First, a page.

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Drone deliveries fight HIV infection in rural Africa


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Drone deliveries fight HIV infection in rural Africa

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Unicef along with the Malawi government are leading a trial based on the use of drones to reduce waiting times for HIV test results in infants living in rural areas.

Malawi has a national HIV prevalence rate of 10 percent, still one of the highest in the world. Currently it can take almost two months to get samples from a healthcare facility to an equipped lab and for the results to be returned.

Judith Sherman of Unicef HIV programme explained: “There are many delays in the continuum of getting HIV positive children on treatment, they need to come in early for testing, ideally before 2 months, between 6 and 8 weeks, their tests, the dry bloodspots need to get from the health facilities to one of the 8 laboratories nationwide”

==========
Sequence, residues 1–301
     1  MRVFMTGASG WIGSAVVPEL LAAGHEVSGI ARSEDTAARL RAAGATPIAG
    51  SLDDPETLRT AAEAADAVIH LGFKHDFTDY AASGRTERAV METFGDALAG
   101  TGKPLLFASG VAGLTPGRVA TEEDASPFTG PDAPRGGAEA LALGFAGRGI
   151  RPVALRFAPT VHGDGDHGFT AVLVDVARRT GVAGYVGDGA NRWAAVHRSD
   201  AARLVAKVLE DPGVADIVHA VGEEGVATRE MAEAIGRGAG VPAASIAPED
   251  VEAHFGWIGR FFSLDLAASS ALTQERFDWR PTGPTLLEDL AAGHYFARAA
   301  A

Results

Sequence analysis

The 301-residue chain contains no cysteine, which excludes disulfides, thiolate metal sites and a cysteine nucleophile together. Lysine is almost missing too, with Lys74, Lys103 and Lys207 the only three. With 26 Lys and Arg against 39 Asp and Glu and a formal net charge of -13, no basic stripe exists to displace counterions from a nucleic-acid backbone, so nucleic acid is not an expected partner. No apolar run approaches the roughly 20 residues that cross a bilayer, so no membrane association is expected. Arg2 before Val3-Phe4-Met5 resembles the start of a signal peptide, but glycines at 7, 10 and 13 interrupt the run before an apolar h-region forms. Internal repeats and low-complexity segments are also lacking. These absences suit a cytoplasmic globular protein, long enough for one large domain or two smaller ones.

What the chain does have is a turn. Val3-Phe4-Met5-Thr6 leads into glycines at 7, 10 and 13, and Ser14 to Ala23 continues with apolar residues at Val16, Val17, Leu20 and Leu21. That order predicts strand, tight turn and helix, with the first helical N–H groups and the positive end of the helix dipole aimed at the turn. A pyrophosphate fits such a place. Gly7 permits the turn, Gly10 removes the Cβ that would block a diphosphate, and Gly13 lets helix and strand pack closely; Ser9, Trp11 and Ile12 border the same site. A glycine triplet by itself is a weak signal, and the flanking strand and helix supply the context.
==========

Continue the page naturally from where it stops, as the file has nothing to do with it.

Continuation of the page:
The drone is able to carry up to 250 tests, or 1kg of samples, at once.
The recent first successful test flight has completed a 10 kilometer trip from a community health centre to a hospital in the capital Lilongwe.

Factors such as poor roads and high transport costs in remote areas cause delays in testing, preventing access to vital anti-retroviral treatment.

“The results, once they are available, need to be brought back to the health facility and communicated to the mother and while many efforts have been made to shorten each leg of that continuum, we need to do better. Mothers are still waiting up to two months for those test results and that can be a very long period in an HIV positive infant’s life,” said Sherman.

In 2014, about 40.000 children in Malawi were born to HIV positive mothers, according to Unicef. Every year around 10.000 children die of the virus, a number that could be tackled with early diagnosis and quality medical care.

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